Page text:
Meera Sodha's Naan recipe in her book Made in India

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Naan (pan baked, pan-fried, or grilled) is a yeasted, yogurt-enriched flatbread which proofs for just about an hour.

I've always loved Indian food but never got the hang of cooking it at home, or I should say, cooking it well at home. It never tasted like what I got from a restaurant. It's still a work-in-progress but Meera Sodha's Made in India has brought my level of Indian cooking up to a respectable amount, even if only for a few dishes right now.

Her auntie's naan is easily the dish I've made most often from Made in India. The quick-proofed Indian flatbread rises for just about an hour making this perfect for tonight.

Whenever we have yogurt in the house, you can pretty much be guaranteed naan will be made before the supply runs out.

Here's what to know about this recipe:

  1. According to Chowhound, it's not truly authentic if not cooked in a tandoor oven.
  2. It's delicious anyway.
  3. You can do this in a dry skillet, on the grill, or go all out and add oil before cooking.
  4. If you leave just-cooked naan near people, it'll disappear quickly.

4 cups all-purpose flour, or 480 grams

2 tablespoons oil + a glug more (Meera’s aunt uses canola, I’ve had luck with olive oil and grapeseed oil) 

+ Optional, more oil to lightly pan fry

4 tablespoons whole-milk yogurt

1 packet of active dried yeast, or 7 grams

2 teaspoons sugar

2 teaspoons kosher salt

1 level teaspoon baking powder

1 cup whole milk (we’ll get it to hand hot in the directions below)


Put milk in a saucepan and place on stovetop. 

Add flour to a large mixing bowl. Make a well in the middle and to it add two tablespoons of oil, yogurt, yeast, sugar, salt and baking powder.

Turn on milk burner to medium, and allow to get to hand-hot temp while you combine the ingredients in the bowl with your fingers until they resemble crumbs.

When it’s hand-hot, add milk to the bowl and mix until it comes together into a dough.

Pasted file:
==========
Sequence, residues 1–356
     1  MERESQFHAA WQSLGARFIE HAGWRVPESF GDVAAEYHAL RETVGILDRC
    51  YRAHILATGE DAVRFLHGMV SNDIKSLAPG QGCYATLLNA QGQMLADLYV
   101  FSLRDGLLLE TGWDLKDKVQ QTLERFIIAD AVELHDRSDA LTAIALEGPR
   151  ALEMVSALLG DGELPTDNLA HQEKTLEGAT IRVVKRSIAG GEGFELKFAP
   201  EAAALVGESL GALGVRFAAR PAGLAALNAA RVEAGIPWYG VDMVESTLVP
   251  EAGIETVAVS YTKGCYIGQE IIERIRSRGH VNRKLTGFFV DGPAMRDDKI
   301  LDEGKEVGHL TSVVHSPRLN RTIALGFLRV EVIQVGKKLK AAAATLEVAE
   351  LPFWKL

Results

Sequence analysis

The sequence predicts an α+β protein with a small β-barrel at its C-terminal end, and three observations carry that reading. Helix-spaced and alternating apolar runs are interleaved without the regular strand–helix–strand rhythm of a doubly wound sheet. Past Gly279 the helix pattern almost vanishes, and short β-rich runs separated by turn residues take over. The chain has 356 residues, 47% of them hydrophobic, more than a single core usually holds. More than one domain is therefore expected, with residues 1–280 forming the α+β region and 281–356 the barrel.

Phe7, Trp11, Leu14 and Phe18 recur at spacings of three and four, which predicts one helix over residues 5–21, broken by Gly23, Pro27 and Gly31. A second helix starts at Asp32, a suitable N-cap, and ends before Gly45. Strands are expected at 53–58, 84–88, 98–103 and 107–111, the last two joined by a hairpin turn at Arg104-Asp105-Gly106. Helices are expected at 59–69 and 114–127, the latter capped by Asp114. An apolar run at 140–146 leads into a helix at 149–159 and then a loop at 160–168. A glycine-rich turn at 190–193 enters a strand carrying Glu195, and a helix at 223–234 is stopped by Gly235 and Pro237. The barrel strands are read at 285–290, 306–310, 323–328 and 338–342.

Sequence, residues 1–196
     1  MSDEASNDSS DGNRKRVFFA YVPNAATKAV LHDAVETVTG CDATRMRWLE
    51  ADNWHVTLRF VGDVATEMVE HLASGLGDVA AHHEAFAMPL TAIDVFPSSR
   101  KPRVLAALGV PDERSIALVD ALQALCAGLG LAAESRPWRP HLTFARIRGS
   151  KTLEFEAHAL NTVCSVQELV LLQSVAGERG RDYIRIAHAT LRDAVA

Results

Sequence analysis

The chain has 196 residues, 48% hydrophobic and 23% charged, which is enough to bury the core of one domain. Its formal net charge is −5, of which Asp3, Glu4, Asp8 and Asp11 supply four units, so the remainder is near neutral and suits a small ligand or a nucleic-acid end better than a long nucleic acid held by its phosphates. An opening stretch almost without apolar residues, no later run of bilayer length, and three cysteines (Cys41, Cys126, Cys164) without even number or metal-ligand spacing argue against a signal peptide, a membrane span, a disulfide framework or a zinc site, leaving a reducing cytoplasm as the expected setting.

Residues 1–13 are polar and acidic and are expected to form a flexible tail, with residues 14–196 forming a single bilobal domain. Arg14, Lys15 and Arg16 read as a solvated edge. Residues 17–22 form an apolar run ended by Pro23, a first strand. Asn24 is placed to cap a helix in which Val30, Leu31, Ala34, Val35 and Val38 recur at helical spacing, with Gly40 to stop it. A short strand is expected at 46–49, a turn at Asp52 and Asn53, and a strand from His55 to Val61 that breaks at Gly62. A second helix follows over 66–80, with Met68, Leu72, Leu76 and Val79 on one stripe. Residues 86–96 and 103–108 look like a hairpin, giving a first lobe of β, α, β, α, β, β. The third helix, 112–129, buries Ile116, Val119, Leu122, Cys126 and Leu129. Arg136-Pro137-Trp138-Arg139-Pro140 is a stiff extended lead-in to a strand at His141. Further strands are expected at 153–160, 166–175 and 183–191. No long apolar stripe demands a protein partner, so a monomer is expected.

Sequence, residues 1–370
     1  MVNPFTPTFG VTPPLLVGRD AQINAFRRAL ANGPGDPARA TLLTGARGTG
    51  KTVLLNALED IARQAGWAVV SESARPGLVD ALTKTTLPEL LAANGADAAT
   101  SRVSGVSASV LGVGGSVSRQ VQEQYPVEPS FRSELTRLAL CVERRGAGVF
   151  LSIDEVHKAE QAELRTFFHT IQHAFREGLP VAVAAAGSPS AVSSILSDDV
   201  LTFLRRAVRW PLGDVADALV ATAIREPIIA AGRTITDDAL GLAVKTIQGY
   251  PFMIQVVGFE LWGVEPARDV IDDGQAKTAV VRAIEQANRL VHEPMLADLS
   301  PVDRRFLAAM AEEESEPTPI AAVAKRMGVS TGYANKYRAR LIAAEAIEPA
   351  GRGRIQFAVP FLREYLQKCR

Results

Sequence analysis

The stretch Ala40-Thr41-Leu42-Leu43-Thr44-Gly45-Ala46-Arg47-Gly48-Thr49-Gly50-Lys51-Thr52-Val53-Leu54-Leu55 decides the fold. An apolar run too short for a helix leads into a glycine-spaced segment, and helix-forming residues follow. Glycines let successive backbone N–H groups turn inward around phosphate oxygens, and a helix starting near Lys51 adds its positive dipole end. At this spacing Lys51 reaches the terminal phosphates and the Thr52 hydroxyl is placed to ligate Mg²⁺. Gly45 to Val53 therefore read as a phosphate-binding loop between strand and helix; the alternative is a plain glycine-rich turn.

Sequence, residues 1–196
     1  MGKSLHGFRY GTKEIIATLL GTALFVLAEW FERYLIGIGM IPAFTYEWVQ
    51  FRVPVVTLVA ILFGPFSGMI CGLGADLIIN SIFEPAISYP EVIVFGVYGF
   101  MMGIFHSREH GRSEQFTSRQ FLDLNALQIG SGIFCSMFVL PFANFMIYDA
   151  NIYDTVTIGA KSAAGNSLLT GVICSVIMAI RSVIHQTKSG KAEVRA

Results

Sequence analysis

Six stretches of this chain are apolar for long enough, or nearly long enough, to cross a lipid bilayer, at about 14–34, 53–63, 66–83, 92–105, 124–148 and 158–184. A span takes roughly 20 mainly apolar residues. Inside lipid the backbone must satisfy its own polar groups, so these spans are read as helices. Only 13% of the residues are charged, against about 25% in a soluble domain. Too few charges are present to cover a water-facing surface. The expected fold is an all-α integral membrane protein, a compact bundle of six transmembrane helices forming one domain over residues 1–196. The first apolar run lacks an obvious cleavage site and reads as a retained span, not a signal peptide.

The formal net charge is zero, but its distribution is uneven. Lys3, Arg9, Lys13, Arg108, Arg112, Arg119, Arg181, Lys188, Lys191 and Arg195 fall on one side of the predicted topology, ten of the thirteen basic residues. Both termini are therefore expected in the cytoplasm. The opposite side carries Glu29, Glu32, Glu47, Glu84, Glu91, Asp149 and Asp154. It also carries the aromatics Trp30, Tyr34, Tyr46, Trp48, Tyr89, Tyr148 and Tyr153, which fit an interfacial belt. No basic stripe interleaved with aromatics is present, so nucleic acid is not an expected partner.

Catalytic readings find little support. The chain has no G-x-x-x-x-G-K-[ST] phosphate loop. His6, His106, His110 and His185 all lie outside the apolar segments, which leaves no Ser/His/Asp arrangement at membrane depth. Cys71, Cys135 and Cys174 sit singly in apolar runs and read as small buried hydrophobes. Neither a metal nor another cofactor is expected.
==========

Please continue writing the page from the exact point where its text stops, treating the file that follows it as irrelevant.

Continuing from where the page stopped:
Transfer the dough to a clean, well-floured surface. Flour your hands, and knead the dough for five minutes or so, scraping any off your hands as you go and incorporating it all into the dough. Form dough into a round ball, coat with a teaspoon of oil, and transfer to a clean bowl where it can double in size. Cover with a towel or plate and allow to double in size in a warm spot, about one hour.

Pull off a fist sized round of dough, roll it into a ball and flatten between your hands. Roll into an oval on a well-floured surface. 

To cook in a dry sauté pan: 

Place pan over medium-high heat and allow it to get hot. Add one naan at a time to the hot pan. Cook for 30 to 40 seconds on one side, or until it begins to bubble, then use a spatula to flip it over to cook the other side for about the same amount of time. Check often that it doesn’t burn. Flip the naan to the first side for 10 to 15 seconds, then remove to a warm platter, or stack in a low oven, until ready to serve. Repeat until all the dough is gone. 

To cook with a bit of oil: 

Follow instructions as above, but before you add the each naan, pour in a tiny bit of oil, just enough to get a thin slick of oil over the entire pan. Place naan carefully, as the oil might spit. When you flip to the second side, you can add a light sprinkle of kosher salt to the oiled top. Add additional oil for each naan.

To cook on the grill:

You can toss it on with or without a paint of oil.


While naan is best directly off the heat, you can keep it in the fridge for a few days. Just let it come to room temp or reheat in the oven or toaster oven.

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